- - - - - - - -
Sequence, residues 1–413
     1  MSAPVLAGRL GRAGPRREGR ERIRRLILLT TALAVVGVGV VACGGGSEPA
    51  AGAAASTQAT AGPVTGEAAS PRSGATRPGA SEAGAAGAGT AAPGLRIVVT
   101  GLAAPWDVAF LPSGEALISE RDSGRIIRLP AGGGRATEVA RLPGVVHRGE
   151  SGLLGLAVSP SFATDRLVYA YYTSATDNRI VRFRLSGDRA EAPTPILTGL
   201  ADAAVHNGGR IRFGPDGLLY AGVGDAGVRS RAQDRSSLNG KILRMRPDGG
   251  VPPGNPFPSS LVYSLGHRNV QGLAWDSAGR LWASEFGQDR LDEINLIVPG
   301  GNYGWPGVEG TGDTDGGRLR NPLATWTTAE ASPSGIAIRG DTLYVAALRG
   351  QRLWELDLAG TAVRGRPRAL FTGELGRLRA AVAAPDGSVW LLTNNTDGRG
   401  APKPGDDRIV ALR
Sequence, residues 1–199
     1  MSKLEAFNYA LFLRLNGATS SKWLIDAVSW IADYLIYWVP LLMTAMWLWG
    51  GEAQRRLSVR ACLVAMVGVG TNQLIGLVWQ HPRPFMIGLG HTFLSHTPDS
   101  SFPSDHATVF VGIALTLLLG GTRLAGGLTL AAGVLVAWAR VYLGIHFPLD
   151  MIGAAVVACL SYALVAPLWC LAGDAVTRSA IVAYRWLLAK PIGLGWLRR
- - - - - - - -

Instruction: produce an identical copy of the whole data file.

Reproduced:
Sequence, residues 1–413
     1  MSAPVLAGRL GRAGPRREGR ERIRRLILLT TALAVVGVGV VACGGGSEPA
    51  AGAAASTQAT AGPVTGEAAS PRSGATRPGA SEAGAAGAGT AAPGLRIVVT
   101  GLAAPWDVAF LPSGEALISE RDSGRIIRLP AGGGRATEVA RLPGVVHRGE
   151  SGLLGLAVSP SFATDRLVYA YYTSATDNRI VRFRLSGDRA EAPTPILTGL
   201  ADAAVHNGGR IRFGPDGLLY AGVGDAGVRS RAQDRSSLNG KILRMRPDGG
   251  VPPGNPFPSS LVYSLGHRNV QGLAWDSAGR LWASEFGQDR LDEINLIVPG
   301  GNYGWPGVEG TGDTDGGRLR NPLATWTTAE ASPSGIAIRG DTLYVAALRG
   351  QRLWELDLAG TAVRGRPRAL FTGELGRLRA AVAAPDGSVW LLTNNTDGRG
   401  APKPGDDRIV ALR
Sequence, residues 1–199
     1  MSKLEAFNYA LFLRLNGATS SKWLIDAVSW IADYLIYWVP LLMTAMWLWG
    51  GEAQRRLSVR ACLVAMVGVG TNQLIGLVWQ HPRPFMIGLG HTFLSHTPDS
   101  SFPSDHATVF VGIALTLLLG GTRLAGGLTL AAGVLVAWAR VYLGIHFPLD
   151  MIGAAVVACL SYALVAPLWC LAGDAVTRSA IVAYRWLLAK PIGLGWLRR